[Lazarus] Storing projects in subversion (or git etc.)

Mark Morgan Lloyd markMLl.lazarus at telemetry.co.uk
Sun Sep 20 13:34:55 CEST 2015

Michael Van Canneyt wrote:
> On Sun, 20 Sep 2015, Mark Morgan Lloyd wrote:
>> Michael Van Canneyt wrote:
>>> On Sun, 20 Sep 2015, Mark Morgan Lloyd wrote:
>>>> Looking at some projects filed away here, I find I've been 
>>>> inconsistent so would appreciate it if somebody could say 
>>>> authoritatively: what types of file should be put in a repository, 
>>>> and what is regenerated reliably?
>>>> Obviously .lpi, .lpr, .lfm and .pas or .pp should be saved, and any 
>>>> static .inc files.
>>>> I presume that anything machine-generated and usually put into the 
>>>> lib directory shouldn't be stored even if it ends up elsewhere: 
>>>> .ppu, .o, .a, .res, .or.
>>>> What about things like .lrs and .rst?
>>> .rst is also regenerated, no need to store them.
>> Thanks Michael, it was your comment about ResourceStrings that 
>> reminded me to ask this.
>> What about .lrs, since it looks as though it's generated from .lfm?
> It depends.
> For newer lazaruses, .lrs is no longer used, since Lazarus uses the .lfm 
> files directly for new projects.
> If you have {$i something.lrs} in your sources, you'd probably better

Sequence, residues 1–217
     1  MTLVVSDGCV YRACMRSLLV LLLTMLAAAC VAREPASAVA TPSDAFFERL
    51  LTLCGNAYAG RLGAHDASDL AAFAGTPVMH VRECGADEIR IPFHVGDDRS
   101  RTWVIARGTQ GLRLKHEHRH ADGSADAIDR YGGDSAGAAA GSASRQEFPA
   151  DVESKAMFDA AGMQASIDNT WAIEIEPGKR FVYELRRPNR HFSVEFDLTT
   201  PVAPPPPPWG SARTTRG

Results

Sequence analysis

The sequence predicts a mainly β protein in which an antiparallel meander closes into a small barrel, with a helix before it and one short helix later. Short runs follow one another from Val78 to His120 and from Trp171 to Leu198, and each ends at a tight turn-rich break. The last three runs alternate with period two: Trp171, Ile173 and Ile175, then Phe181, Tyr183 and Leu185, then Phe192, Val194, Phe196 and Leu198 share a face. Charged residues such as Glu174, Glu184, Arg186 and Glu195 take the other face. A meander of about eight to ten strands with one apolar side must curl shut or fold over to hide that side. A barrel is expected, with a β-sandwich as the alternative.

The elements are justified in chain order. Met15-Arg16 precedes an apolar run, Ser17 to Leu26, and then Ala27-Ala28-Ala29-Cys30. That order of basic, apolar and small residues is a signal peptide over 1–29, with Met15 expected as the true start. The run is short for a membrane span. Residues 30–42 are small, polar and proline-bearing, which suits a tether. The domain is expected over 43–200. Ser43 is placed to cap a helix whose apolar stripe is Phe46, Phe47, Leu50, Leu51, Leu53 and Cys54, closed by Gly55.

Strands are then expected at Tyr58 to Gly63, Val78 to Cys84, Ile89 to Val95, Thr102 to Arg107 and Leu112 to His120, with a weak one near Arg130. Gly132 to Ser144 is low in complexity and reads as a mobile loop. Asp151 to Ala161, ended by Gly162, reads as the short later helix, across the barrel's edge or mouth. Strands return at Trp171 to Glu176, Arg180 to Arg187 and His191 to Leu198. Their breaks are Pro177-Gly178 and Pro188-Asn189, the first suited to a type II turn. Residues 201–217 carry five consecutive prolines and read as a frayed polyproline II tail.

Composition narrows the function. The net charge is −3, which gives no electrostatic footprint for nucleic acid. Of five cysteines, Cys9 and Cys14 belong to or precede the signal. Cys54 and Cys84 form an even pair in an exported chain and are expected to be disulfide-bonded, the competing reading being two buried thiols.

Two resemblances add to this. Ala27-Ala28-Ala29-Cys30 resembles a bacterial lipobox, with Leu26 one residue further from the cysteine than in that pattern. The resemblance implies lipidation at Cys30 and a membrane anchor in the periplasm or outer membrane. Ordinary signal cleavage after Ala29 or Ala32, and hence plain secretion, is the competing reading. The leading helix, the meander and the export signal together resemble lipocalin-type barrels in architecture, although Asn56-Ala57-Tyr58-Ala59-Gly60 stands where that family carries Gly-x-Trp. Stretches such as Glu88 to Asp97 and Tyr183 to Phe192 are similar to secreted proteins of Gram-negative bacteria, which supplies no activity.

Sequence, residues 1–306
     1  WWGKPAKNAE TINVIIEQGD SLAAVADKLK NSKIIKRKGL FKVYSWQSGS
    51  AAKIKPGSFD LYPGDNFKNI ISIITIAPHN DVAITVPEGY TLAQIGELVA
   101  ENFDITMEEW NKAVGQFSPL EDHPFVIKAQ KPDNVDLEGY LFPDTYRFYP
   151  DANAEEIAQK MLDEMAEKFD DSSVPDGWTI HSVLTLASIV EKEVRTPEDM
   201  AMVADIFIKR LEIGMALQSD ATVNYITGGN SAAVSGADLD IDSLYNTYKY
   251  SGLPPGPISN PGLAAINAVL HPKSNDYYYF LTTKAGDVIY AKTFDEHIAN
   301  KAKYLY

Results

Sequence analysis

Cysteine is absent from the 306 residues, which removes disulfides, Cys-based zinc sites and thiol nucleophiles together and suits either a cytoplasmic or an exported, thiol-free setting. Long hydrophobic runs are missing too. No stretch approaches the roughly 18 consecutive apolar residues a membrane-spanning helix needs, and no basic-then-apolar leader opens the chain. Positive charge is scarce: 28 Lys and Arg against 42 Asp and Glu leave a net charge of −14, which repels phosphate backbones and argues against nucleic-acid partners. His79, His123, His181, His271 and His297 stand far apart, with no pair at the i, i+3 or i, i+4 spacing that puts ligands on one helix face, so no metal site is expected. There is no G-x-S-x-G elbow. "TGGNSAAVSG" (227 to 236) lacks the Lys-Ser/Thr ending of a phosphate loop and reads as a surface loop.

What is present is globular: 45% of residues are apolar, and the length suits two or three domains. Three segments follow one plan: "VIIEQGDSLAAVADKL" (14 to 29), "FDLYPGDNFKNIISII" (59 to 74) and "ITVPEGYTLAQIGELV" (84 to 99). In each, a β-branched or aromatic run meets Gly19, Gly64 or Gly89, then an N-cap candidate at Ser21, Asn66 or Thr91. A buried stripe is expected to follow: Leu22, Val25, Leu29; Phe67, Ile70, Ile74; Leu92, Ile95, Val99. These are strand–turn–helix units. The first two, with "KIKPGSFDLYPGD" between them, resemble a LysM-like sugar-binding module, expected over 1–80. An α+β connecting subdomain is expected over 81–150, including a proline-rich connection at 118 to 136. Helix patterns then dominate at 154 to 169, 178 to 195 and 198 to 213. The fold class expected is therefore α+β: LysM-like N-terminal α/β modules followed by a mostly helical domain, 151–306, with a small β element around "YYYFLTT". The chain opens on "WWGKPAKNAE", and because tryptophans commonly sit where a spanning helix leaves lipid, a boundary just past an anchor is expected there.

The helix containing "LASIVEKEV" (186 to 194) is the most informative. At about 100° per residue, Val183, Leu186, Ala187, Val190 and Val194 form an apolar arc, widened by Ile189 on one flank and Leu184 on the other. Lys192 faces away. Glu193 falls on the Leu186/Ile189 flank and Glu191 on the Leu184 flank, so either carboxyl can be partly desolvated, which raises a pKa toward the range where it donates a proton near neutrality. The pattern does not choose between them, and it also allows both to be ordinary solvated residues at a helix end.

> still store the .lrs in svn.
> I got rid of the .lrs files a long time ago. Just a matter of replacing
> {$i something.lrs}
> with
> {$r something.lfm}
> Michael.

Thanks very much, I think I did as well but I'll check. I've got one or 
two things that I'm trying to keep running for sufficiently-old versions 
of the compiler and IDE that they can generate a GTK1- or NT-compatible 
binary, which means carefully avoiding things like frames in the user 

The rationale here is not so much for local use, but because they're of 
potential use to a small number of niche hackers and at all costs I want 
to avoid giving them cause to grumble because a particular OS or 
compiler version is required. I'm talking about the likes of mainframe 
programmers here, many of whom have had sufficient time to elevate 
curmudgeonliness to an artform :-)

Mark Morgan Lloyd
markMLl .AT. telemetry.co .DOT. uk

[Opinions above are the author's, not those of his employers or colleagues]

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